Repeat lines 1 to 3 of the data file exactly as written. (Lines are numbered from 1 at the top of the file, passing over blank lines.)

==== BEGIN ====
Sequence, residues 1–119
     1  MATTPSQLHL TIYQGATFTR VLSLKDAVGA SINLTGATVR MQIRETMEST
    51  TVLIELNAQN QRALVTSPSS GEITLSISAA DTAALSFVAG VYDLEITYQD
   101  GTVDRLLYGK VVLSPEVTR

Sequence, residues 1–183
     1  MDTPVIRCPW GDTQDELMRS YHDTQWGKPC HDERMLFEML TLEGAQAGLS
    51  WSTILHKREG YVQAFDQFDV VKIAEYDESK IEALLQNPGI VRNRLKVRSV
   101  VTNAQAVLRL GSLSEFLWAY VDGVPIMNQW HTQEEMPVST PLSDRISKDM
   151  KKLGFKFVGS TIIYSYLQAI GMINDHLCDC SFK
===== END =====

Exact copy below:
Sequence, residues 1–119
     1  MATTPSQLHL TIYQGATFTR VLSLKDAVGA SINLTGATVR MQIRETMEST
    51  TVLIELNAQN QRALVTSPSS GEITLSISAA DTAALSFVAG VYDLEITYQD